‘This is not just a tracker issue, it’s not just a PTSB issue – it’s a trust issue’
Solicitor behind tracker settlement urges all borrowers to check mortgage for mistakes
Permanent TSB chief executive Jeremy Masding and chairman Robert Elliott leaving the Department of Finance earlier this week. Photograph: Cyril Byrne
The solicitor behind Thursday’s tracker mortgage settlement is urging every property owner to check the terms of their mortgage – be it a tracker or not – arguing that overcharging is “systemic” in the banking sector.
“What we’re saying is need to get your file, submit your data request, pay €6.35 and get all the paperwork the bank have on you,” said Evan O’Dwyer of Mayo law firm O’Dwyer Solicitors, adding: “This is not just a tracker issue, it’s not just a PTSB issue – it’s a trust issue.”
“We could have a situation where pre-2010 everyone is reviewing their mortgage,” he said.
On Thursday, a customer of Permanent TSB, Maria Paige, settled a tracker mortgage case with the bank. While the specific terms were not disclosed, it is understood the settlement is for a sum that is a multiple of what was first offered. It’s likely not the first such case to be settled, but we don’t know as of yet just how many have been settled.
“Banks are intent to keep it as private as possible and make it as difficult as possible,” said Mr Hall.
However, it’s now likely to lead to a flood of other cases.
“There will be more cases, but the banks will do everything humanly possible to make them wait and bring them to the steps of the court,” said Mr Hall, adding that he hopes that as many as four in five of tracker mortgage customers of the IMHO go down the legal route, and that some of these will get to court and be made public. It means that the current estimated costs, of about €500-600 million to deal with the scandal, may rise.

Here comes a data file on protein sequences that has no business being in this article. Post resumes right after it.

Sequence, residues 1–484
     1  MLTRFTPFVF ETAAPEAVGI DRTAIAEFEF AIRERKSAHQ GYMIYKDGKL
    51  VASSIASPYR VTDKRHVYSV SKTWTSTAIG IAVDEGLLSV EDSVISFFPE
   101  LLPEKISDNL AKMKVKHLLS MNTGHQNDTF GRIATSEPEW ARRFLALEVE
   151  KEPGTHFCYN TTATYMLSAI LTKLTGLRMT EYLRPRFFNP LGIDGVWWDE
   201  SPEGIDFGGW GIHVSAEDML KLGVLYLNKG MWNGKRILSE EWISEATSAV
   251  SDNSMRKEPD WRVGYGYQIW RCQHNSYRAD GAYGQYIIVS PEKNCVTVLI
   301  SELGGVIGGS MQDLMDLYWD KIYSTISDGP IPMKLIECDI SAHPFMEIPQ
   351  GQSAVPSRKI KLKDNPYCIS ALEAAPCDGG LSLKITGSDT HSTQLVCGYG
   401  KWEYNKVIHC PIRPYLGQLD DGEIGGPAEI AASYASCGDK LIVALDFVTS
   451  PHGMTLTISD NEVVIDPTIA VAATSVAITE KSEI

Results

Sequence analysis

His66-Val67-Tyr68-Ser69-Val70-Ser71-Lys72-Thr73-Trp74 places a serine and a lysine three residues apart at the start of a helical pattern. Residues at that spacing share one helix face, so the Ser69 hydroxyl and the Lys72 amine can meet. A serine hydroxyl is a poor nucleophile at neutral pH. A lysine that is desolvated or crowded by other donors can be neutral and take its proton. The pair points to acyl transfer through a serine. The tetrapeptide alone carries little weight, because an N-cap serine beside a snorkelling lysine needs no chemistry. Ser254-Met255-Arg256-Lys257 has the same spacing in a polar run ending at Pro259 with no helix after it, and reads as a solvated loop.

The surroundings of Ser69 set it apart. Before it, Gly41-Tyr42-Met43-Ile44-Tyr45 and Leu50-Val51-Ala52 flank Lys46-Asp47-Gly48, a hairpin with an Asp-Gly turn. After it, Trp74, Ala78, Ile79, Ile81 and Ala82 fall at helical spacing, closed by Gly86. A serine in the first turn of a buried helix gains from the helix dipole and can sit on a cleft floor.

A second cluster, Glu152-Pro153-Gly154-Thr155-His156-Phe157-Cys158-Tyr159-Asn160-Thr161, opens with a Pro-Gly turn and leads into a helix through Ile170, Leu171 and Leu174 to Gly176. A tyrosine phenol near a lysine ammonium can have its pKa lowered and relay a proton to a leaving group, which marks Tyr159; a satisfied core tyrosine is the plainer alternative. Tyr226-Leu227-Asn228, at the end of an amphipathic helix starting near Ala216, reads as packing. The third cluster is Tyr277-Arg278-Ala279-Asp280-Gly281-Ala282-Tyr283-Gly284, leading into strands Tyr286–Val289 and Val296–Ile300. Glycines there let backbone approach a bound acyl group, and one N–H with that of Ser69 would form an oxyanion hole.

“This is going to cost a lot more than people think,” said Mr Hall, adding that variable rate customers may now have something to fear too, as banks may increase their rates “to pay for this long-term cock-up”.
Already, on foot of the settlement, Mr O’Dwyer has heard from a variety of cohorts; some are already in the tracker redress system and are seeking advice as to whether or not they’re tied to it; others are from banks, such as Bank of Ireland, who have yet to commence their redress process; others are from those who have settled and are wondering can they challenge this on the grounds that they didn’t get independent legal advice when making their decision; and others still are wondering if they might have a case.
“There is a lot more mobilisation from customers who want to know if they’re affected or not,” he said, adding that those who have already accepted an offer are wondering “if they’ve been short-changed”, he said.
Customers can typically accept redress and compensation from their lender, and then seek further damages through the courts.
Mr O’Dwyer said the settlement will put the banks “under pressure”, as it will mean that more people will now be prepared to take on cases where they mightn’t have before.
“I have never seen the level of anger that I’ve seen now,” he said.
At present, there is no evidence of collusion among the banks on the tracker issue; however, if this was to change it could pave the way for further settlements.
Fine Gael MEP Brian Hayes has submitted a formal complaint with European Commission competition authorities, asking them to investigate whether banks colluded to intentionally deny customers their correct mortgage rates. If the commission was to investigate, and to find against the banks, it could impose a fine of as much as 10 per cent of turnover
Impacted consumers – even those who have settled but didn’t reach a “final” settlement – could then potentially bring a further case on these grounds.
“If there’s an anti-competitive cartel operating it could create a different level of damages altogether,” Mr O’Dwyer said.
The move also raises the question however of why the complaint has gone to Europe – and why the Competition and Consumer Protection Commission hasn’t launched an investigation.
“Its attitude is pathetic and has raised serious questions about its relevance,” says Hall, arguing: “Of course there’s enough for an investigation. It’s the biggest consumer scam in history of the State.”